Star Blazers Chronicles: Westchester Films

Continuing our exploration of the little-known pockets of Star Blazers lore, we come back to where it all started, with the company that made it happen. Westchester Films was the production company run by Mr. Claude S. Hill, the organization that actually went to Japan in 1978 and actually negotiated with Office Academy to bring Space Battleship Yamato to America.

According to the increasingly valuable article in the June 1980 issue of Starlog, the specific meeting point was between Westchester’s Bob Marcella and Academy’s Ken Fujita. From there, other parties got involved, chiefly Claster Television who licensed the domestic syndication rights from Westchester and got production in gear in the fall of 1978.

Claude S. Hill and Westchester Films are regrettably no longer with us, so an interview is out of the question. But every company leaves a paper trail, and we’ve got two interesting documents that shed light on the thinking and operations at Westchester during their heyday.

The first is one that was freely distributed to whoever might benefit from it; the 1980 Star Blazers press kit. This was a no-frills package; the only artwork in it was the cover sheet shown at right. The interior was nothing more than 17 typewritten pages that summarized the characters and story of the 52-episode syndication package. It’s material we all know by heart after watching the series, but it does bring things to a certain level of closure when you can actually read the official inside word from a time when everything was new and untested.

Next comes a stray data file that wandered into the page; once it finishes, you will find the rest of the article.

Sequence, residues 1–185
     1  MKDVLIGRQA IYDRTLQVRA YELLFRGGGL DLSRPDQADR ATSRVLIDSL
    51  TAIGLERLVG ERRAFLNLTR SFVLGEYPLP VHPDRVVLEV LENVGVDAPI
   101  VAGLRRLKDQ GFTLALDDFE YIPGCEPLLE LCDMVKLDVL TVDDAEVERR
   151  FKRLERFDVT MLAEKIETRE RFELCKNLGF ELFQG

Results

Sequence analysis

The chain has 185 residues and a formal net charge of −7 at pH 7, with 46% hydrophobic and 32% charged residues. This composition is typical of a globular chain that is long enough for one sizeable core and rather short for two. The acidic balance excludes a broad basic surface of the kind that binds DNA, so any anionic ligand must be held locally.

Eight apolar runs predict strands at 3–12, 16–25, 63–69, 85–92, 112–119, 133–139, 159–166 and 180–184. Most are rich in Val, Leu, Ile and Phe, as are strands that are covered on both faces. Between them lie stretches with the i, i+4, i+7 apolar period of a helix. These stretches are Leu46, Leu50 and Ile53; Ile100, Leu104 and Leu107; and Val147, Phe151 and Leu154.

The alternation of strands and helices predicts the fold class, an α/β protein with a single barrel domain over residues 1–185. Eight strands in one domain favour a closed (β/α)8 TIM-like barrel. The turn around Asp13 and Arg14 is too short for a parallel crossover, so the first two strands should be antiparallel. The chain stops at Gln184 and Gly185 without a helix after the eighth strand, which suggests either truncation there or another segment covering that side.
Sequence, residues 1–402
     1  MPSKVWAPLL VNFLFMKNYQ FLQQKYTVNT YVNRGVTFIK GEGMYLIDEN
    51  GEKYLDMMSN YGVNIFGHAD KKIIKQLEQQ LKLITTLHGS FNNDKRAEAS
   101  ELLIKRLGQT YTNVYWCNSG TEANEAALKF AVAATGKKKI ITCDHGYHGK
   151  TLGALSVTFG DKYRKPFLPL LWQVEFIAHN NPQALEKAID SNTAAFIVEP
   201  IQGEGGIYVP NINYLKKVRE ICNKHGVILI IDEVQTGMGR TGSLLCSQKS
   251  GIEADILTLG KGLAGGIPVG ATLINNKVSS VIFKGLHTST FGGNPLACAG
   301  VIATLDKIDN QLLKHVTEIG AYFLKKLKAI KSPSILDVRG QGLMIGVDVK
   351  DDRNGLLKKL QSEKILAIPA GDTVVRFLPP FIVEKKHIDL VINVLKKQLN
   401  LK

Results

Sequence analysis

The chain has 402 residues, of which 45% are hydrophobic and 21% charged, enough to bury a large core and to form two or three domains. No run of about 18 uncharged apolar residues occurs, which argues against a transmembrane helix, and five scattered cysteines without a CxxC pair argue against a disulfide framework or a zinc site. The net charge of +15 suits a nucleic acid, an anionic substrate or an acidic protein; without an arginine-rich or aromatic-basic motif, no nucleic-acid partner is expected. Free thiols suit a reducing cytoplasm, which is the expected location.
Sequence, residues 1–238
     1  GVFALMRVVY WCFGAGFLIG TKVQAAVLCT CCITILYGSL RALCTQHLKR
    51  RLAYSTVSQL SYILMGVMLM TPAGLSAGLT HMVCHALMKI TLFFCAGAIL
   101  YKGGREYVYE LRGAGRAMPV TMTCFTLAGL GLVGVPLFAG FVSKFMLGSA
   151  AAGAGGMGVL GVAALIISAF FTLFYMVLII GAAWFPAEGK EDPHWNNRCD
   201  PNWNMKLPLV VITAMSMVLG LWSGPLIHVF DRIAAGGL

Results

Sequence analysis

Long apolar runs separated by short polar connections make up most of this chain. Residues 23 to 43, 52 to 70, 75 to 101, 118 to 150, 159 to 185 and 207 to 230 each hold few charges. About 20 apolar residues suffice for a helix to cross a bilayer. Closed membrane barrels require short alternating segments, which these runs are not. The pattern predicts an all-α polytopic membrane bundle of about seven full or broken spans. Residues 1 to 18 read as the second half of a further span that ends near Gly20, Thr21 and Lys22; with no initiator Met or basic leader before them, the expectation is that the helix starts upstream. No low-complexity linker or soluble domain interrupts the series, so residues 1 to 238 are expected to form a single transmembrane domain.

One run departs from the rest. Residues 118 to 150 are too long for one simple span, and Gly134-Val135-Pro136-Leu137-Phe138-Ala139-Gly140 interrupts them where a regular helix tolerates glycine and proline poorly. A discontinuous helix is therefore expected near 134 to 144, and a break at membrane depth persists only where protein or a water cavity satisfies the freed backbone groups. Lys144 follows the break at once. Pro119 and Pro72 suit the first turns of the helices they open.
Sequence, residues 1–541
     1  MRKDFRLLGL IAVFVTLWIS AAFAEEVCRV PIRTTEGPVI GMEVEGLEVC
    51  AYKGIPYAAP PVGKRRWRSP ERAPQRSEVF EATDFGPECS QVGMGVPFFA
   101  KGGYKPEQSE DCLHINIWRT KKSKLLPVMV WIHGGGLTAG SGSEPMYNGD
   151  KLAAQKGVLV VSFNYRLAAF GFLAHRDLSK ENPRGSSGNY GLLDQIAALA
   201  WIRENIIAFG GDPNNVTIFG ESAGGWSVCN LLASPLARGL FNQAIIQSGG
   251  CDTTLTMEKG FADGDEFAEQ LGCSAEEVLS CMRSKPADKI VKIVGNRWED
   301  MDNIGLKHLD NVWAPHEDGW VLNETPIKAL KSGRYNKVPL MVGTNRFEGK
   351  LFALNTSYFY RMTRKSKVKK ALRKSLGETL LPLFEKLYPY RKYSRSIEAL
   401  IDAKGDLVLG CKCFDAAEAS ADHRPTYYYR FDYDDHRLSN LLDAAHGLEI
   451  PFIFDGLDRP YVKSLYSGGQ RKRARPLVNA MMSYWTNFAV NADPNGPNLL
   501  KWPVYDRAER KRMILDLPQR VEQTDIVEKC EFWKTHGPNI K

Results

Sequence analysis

Click here to read a PDF of the entire press kit.

The second document is far more unusual and interesting. Thus, it requires some background.

Back in the merry month of February, 1983, Star Blazers fandom was graced by Space Fanzine Yamato, the first publication of its kind: an info-zine devoted entirely to the series from a fan perspective. The brainchild of superfans Steve Harrison, Jerry Fellows, and Ardith Carlton, it was the first attempt to organize the multi-leveled world of Yamato into palatable information for English-speaking fans. Its 44 pages covered such wide-ranging topics as character guides, models, records, books, song lyrics, and more. Space Fanzine gave fandom an early reference point and (for many) a first look at how deep the phenomenon actually went.

If you’d care to learn more about Space Fanzine before moving on, you can read the story of its genesis here and browse the online version (Space Webzine Yamato) here.

Space Fanzine also included a single brief article that referenced Westchester Films as follows:

What’s happening with Star Blazers 3?